Friday, December 16, 2005
The Last Thread Of 2005
We're winding down the year here, then going on vacation. It's been a ride. It feels like this year has been historic. I really can't remember as tumultuous a year in over a decade. Not even last year.
In any case, barring something big--like we sign Frank Thomas or I actually get my act together and do a year-end best-of before January 1st--this will be the last thread of the year. It'll expand with more and more links and stuff. If it gets too big, I'll start topic headers. Anyway...
Best wishes for a peaceful 2006.
+ Mark Anthony Neal's Best of 2005.
+ Michaelangelo Matos's Pazz and Jop List of 2005.
+ Saha Frere-Jones's Best of 2006. Because 2005 is so last year.
+ Jordan Flaherty's latest piece: "Death, Abundance and New Orleans".
+ Clear Channel sells a news center's name to a bank. "'Now reporting from the Amcore Bank News Center, here's WIBA's Jennifer Miller.'" (Link courtesy Rock & Rap Confidential e-list.) I'm gonna start branding my own properties in 2006. Now sh-tting from my Amcore Bank Asshole...
+ Michael Krikorian on Raymond Washington, founder of the Crips.
+ Junichi's "Everything I Need To Know About Men and Women, I Learned From The Hit Songs of 2005.
+The FBI spied on Patsy Mink, and questioned her citizenship.
+ Ishmael Reed on Richard Pryor and "getting over".
+ A great NOLA music blog for anyone who isn't already convinced that New Orleans did it all, and anyone who believes it ought to continue to do it. Thank you, Steve Kiviat.
+ No Miggy for Manny, but Johnny is now Judas. Bosux fans sound off:
In what has become a sports rivalry of biblical proportions, do you find it ironic that Johnny Damon, aka Jesus, turned out to be, in fact, Judas? Can this rivalry between New York and Boston get any bigger? I know you can't bear to think of it but the only logical countermove by Red Sox management is to sign Clemens and instigate a brawl by having him bean Damon.
-- J. Wood, Natick, MA
Remember the SNL skit from the 90's labeled "Steroid Olympics" and that guy tries to dead lift 900lbs and as he jerks up, both arms rip clean off his shoulders and are still attached to the barbell on the floor and blood is spurting out everywhere from his shoulder sockets ... I hope Damon's arm comes flying off while he is trying to make a throw home and his hand and arm are still attached to the ball as it weekly (sic) lands in front of A-Rods foot and then A-Rod vomits and passes out and Joe Torre has to come out and give mouth to mouth to A-Rods bloated purple lips ... That would ease the pain of this trade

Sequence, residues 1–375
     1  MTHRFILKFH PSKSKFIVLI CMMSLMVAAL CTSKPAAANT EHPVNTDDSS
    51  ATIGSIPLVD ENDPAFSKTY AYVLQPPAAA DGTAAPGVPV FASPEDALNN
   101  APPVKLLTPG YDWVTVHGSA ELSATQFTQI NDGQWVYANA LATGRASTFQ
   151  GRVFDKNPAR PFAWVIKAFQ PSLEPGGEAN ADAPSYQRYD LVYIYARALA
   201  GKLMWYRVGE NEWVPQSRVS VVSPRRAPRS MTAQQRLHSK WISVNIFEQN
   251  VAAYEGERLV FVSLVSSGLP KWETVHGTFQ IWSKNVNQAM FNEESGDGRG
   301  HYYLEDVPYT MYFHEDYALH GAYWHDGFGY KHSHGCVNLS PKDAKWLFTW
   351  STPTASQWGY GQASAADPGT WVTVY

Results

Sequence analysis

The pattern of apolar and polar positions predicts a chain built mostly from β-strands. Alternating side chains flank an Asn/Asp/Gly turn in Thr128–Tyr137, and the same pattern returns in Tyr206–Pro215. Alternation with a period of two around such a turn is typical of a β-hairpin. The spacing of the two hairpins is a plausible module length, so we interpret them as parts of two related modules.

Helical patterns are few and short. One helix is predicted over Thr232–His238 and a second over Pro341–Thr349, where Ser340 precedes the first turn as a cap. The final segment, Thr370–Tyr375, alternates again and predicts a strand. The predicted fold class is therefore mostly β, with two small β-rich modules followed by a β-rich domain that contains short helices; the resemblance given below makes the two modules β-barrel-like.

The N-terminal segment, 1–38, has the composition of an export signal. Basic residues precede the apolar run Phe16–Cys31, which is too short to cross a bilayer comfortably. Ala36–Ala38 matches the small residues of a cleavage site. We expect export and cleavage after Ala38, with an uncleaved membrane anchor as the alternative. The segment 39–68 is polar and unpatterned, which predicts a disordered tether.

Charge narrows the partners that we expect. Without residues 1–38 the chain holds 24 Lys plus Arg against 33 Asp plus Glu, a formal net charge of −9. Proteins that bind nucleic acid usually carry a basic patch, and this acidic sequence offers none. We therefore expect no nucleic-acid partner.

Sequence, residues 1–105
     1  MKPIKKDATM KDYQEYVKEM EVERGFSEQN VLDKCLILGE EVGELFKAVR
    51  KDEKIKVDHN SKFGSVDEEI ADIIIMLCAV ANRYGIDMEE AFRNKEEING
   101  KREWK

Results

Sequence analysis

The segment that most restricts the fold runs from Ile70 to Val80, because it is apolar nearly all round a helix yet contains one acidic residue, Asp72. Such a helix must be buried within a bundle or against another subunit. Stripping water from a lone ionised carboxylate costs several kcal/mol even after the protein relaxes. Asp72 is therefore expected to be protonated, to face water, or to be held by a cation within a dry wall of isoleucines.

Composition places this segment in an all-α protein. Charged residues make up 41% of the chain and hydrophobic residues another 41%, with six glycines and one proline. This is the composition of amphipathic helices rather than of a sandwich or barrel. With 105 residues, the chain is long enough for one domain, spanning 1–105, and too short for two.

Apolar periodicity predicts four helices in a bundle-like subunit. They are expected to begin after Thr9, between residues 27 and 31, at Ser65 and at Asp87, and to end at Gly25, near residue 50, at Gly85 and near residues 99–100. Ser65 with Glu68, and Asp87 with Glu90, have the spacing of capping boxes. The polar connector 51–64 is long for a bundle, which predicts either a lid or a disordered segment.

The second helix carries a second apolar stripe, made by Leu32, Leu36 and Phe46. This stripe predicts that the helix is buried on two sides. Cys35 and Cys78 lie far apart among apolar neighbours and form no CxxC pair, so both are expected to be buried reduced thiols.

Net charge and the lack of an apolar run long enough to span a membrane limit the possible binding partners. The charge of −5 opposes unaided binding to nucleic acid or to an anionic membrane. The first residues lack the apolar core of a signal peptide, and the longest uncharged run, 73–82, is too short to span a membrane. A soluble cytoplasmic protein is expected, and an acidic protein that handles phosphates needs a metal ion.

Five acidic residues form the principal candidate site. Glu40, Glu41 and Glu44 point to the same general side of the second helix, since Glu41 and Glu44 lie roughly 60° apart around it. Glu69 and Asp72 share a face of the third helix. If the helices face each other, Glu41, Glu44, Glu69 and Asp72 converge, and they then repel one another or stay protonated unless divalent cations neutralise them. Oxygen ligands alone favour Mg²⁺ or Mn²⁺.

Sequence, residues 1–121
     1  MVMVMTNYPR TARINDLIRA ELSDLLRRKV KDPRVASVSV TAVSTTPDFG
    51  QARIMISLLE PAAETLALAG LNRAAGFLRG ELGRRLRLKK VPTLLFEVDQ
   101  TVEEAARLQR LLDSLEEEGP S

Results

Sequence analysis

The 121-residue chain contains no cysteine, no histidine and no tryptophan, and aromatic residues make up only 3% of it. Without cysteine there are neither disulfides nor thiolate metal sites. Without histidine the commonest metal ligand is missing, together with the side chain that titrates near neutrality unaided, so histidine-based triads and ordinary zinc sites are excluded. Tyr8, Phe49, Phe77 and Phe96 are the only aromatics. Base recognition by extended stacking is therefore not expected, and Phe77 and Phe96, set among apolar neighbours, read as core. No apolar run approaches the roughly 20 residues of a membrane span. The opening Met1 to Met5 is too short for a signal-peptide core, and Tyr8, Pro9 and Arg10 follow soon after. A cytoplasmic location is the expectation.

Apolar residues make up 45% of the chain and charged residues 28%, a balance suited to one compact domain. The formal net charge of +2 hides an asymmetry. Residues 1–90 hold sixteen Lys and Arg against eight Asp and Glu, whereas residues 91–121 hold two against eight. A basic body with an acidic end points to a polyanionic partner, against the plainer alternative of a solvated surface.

-- Mark Faselle, Dallas, TX
posted by Zentronix @ 11:10 AM
Sampling Junkies & Producers Take Note: Copyright Criminals Remix Contest!
Hey all you hip-hop producers/criminal sampling thieves/free culture frontline warriors/future Dangermouse industry pariahs, whatever you call yourself...
Ben Franzen and Kembrew McLeod are sponsoring a remix contest to go with their new movie, ,Copyright Criminals: This Is A Sampling Sport. I'll be one of the judges.
The idea is to make a 4-minute song from sound in the movie. Samples from the film include voiceovers from De La Soul, DJ Qbert, members of Public Enemy, Matmos, Coldcut, members of Negativland, and others. The best overall winner will be included prominently in the film and the top 11 other entries are to be included on a companion CD.
Press release is here. All the rules, relevant info, and access to the samples are here. Deadline is February 28, 2006.
Slice and dice!
posted by Zentronix @ 10:36 AM
Monday, December 12, 2005
Schwarzenegger: Tookie Must Die For George Jackson's Sins
In both cases, execution was the verdict.
The Terminator issued a statement today denying Stanley Tookie Williams request for clemency.
"It is impossible to separate Williams' claim of innocence from his claim of redemption," Schwarzenegger wrote in his statement. "Based on the cumulative weight of the evidence, there is no reason to second guess the jury's decision of guilt or raise significant doubts or serious reservatons about Williams' convictions and death sentence."
But he doesn't stop there. He goes on to rewrite the history of San Quentin in the late 60s and early 70s. And here's where he steps over the line.
I oppose the death penalty. But I have been an ambivalent supporter of clemency for Tookie Williams.
But in this statement, Schwarzenegger makes it clear that Williams is being executed for much more than the facts of the case. He is being taken for George Jackson's sins.
Rejecting Williams' efforts to end gang violence, Schwarzenegger practically blames Williams for it: "...(T)he continued pervasiveness of gang violence leads one to question the efficacy of Williams' message."
In the most telling paragraph, he notes that Williams dedicates his book to "Nelson Mandela, Angela Davis, Malcolm X, Assata Shakur, Geronima Ji Jaga Pratt, Ramona Africa, John Africa, Leonard Peltier, Dhoruba Al-Mujahid, George Jackson, Mumia Abu-Jamal, and countless other men, women and youths who have to endure the hellish oppression of living behind bars."